The yet-unseen consequences of Russia's war in Ukraine

World leaders attending the 2022 World Economic Forum in Davos know there's a crisis going on — but Ian Bremmer thinks they are still unaware of the first- and second-order consequences of Russia's war in Ukraine. First, "people are mostly thinking about this as a war inside Ukraine. It's not a war in Ukraine. It's actually a war between Russia and NATO," the president of GZERO Media said Global Stage livestream conversation hosted by GZERO in partnership with Microsoft.

Moisés Naim: With inflation & low trust in democracy, Latin America faces perfect storm for nasty politics

How much power does the World Economic Forum in Davos still have? For Moisés Naim. distinguished fellow at the Carnegie Endowment for International Peace, not much, and this year's leitmotif is confusion, he tells Ian Bremmer in a Global Stage interview. And what about Latin America's future? He sees a"very dangerous convergence of inflation and disappointment with democracy that could result in "a perfect storm to create nasty politics" in the region.

Wolfgang Ischinger: Ukraine made German foreign policy go "out the window"

For Wolfgang Ischinger, former chair of the Munich Security Conference, the state of transatlantic relations is in good shape right now, although whether we'll have the stamina to stay on course is uncertain. In a Global Stage interview with Ian Bremmer, he seems more worried about American war fatigue than the Europeans — although the EU has Viktor Orbán and it's hard for Germany to cut off Russian gas. One lesson Ischinger has learned from the current crisis is that Europe must have America's back on China, especially with Taiwan. And he calls German Chancellor Olaf Scholz's recent foreign policy U-turns as "going out the window."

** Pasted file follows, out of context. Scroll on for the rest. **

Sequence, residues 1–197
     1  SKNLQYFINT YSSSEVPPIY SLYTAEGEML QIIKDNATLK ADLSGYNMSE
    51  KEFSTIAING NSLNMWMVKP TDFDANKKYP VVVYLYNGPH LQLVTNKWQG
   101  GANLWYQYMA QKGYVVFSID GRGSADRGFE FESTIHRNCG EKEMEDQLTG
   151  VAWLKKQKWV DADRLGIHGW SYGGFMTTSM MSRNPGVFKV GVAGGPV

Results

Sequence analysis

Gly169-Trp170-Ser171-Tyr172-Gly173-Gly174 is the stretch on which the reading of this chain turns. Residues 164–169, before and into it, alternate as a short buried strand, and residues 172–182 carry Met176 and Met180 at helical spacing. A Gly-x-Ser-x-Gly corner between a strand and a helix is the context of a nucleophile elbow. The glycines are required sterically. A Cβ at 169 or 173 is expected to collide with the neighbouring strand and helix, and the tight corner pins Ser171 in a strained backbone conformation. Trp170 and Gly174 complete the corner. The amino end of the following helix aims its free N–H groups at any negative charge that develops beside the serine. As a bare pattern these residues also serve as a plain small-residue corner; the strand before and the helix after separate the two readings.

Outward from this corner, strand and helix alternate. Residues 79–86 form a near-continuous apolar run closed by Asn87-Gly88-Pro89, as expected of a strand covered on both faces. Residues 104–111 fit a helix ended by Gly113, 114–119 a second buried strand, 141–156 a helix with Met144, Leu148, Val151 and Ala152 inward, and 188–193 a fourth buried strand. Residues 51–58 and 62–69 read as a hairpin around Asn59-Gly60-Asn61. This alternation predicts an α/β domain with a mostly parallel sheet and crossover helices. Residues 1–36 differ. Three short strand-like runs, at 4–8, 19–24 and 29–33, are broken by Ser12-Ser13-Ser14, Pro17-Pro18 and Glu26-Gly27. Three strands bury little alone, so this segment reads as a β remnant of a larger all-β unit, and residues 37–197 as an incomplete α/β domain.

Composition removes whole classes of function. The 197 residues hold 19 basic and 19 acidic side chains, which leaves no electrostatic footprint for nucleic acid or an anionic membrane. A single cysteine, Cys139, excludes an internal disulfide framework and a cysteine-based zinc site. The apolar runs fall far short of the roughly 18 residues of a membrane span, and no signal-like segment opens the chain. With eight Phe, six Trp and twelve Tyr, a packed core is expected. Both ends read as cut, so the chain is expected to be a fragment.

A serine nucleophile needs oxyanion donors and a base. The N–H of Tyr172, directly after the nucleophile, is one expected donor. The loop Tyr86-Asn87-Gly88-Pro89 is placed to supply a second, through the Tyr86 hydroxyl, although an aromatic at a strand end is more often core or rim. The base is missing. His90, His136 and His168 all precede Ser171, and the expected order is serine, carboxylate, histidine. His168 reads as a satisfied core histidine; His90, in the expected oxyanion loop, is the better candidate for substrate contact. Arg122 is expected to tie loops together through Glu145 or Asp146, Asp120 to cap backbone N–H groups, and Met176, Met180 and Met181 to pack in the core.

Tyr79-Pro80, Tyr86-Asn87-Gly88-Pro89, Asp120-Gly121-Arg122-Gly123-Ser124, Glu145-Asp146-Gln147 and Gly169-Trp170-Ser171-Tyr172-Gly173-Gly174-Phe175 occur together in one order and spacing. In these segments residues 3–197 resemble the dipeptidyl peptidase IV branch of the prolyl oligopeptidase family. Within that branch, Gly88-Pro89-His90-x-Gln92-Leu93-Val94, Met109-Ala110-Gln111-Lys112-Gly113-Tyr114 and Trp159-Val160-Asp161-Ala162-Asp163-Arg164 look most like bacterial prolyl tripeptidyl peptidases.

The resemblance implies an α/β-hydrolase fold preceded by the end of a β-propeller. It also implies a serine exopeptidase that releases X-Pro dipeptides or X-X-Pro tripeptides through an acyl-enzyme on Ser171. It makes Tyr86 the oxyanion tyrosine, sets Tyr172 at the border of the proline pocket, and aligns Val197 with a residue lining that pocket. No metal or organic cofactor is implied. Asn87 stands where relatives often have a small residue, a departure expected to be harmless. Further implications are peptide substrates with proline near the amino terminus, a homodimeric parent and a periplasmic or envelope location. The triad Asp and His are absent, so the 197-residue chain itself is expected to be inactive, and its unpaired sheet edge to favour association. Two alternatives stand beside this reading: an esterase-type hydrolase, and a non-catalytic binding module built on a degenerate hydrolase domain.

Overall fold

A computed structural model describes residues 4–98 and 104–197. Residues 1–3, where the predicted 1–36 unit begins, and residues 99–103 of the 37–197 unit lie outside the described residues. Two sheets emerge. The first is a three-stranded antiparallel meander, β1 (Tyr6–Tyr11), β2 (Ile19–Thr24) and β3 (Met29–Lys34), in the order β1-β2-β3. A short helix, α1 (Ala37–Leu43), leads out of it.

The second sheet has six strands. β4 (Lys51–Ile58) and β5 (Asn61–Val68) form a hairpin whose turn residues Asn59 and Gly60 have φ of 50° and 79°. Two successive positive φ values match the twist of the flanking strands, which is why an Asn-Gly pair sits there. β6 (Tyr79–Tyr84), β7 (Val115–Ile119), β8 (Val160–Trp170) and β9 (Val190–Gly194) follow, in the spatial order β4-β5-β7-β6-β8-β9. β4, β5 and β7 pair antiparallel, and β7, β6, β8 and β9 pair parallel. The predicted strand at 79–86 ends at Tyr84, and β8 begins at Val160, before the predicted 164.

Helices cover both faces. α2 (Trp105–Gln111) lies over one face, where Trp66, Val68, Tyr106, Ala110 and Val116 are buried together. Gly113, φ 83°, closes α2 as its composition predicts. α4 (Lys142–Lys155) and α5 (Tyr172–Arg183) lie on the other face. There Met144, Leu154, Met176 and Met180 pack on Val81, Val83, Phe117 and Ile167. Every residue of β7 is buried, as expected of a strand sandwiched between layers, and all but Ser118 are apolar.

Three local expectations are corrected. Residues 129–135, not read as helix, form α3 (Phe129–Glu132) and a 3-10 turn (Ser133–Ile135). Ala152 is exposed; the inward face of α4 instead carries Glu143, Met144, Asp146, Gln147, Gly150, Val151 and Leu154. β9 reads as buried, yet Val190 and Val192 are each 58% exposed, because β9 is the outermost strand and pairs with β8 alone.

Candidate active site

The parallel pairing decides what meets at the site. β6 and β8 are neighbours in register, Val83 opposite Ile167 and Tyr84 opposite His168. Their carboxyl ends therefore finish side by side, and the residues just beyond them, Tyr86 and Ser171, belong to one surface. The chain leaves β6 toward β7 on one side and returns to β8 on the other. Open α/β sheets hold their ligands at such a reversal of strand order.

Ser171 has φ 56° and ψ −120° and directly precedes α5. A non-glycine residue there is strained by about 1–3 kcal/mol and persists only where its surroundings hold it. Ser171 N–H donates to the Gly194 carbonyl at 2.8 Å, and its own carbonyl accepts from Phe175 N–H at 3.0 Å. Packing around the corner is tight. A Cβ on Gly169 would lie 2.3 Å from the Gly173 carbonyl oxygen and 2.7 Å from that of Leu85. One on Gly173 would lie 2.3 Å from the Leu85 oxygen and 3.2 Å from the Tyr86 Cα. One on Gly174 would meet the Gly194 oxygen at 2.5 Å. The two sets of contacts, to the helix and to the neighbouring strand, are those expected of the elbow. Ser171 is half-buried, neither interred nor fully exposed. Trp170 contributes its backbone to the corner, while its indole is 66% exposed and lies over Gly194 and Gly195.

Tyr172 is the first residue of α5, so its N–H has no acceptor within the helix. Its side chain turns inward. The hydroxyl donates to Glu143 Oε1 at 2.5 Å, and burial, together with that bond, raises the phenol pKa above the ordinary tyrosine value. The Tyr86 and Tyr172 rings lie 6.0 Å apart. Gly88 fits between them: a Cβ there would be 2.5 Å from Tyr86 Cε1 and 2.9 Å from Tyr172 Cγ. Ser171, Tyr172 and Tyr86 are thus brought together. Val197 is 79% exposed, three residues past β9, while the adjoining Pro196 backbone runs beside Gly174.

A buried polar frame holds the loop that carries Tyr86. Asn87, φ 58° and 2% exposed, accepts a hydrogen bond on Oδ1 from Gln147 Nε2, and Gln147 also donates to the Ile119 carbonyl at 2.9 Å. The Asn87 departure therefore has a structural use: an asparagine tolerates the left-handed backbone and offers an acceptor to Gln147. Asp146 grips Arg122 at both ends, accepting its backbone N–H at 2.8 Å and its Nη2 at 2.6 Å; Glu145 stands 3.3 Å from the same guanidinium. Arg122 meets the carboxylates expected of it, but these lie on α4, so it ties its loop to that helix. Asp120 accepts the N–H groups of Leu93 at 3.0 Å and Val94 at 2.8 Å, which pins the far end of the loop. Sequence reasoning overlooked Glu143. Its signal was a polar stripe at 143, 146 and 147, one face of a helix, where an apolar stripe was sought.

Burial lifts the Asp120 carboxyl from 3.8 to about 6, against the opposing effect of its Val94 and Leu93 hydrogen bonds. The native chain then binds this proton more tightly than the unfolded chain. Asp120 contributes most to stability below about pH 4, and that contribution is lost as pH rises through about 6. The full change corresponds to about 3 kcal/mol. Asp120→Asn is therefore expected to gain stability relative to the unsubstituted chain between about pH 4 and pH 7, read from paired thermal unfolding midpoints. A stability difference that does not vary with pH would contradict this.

Exports controls are "worst possible" thing to do in a food crisis, says UN Foundation chief

The war in Ukraine has aggravated a global food crisis that started with the pandemic. Is there anything we can do about it? The UN is trying, but there needs to be a much more ambitious response to what is already a catastrophic humanitarian crisis, UN Foundation President Elizabeth Cousens said during a Global Stage livestream discussion hosted by GZERO in partnership with Microsoft at the World Economic Forum in Davos, Switzerland.

Gillian Tett: Ukraine knows how to get what it wants from the West

The World Economic Forum in Davos, Switzerland, is not known for big outbursts of human emotion. But this year, the Ukrainian delegation got a standing ovation from the usual crowd of global business leaders. Gillian Tett, US editor-at-large and chair of the Financial Times board, met with the Ukrainians and shares her perspective with Ian Bremmer in a Global Stage interview.